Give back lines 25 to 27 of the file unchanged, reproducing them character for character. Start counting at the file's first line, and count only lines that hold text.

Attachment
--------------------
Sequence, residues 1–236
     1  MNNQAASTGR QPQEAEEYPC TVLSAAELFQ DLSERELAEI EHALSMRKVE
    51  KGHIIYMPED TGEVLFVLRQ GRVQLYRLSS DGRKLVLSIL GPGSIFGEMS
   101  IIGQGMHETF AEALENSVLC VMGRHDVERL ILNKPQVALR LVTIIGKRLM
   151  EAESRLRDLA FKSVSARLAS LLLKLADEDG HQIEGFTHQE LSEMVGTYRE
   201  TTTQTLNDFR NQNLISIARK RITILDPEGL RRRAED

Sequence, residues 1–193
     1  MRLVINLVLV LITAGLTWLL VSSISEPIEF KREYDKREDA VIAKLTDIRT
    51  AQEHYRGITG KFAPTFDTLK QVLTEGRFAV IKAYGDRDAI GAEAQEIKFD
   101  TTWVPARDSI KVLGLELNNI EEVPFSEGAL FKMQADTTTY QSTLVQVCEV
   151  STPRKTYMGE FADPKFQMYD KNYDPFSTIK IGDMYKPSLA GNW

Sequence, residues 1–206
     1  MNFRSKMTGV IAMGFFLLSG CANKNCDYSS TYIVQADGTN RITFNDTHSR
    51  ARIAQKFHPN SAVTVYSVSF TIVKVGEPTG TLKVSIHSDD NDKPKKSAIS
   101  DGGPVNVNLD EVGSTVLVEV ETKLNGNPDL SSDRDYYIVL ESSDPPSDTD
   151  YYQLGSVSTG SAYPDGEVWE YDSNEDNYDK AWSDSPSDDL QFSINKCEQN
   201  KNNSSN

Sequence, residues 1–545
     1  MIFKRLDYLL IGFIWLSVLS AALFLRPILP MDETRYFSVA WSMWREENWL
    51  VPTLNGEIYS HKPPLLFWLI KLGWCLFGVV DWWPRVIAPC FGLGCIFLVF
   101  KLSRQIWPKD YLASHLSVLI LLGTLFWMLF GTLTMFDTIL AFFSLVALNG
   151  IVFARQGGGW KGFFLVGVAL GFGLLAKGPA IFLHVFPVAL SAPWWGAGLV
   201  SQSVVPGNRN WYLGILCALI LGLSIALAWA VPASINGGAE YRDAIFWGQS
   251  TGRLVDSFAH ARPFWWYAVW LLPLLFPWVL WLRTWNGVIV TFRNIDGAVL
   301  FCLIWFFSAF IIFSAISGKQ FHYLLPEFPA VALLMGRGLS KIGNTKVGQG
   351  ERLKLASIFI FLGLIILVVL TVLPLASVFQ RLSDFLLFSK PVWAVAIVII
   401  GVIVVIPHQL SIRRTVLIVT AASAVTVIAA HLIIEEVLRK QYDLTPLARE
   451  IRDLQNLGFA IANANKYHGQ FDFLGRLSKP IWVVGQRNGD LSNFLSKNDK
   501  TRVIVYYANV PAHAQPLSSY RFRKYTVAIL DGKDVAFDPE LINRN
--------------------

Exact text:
   301  FCLIWFFSAF IIFSAISGKQ FHYLLPEFPA VALLMGRGLS KIGNTKVGQG
   351  ERLKLASIFI FLGLIILVVL TVLPLASVFQ RLSDFLLFSK PVWAVAIVII
   401  GVIVVIPHQL SIRRTVLIVT AASAVTVIAA HLIIEEVLRK QYDLTPLARE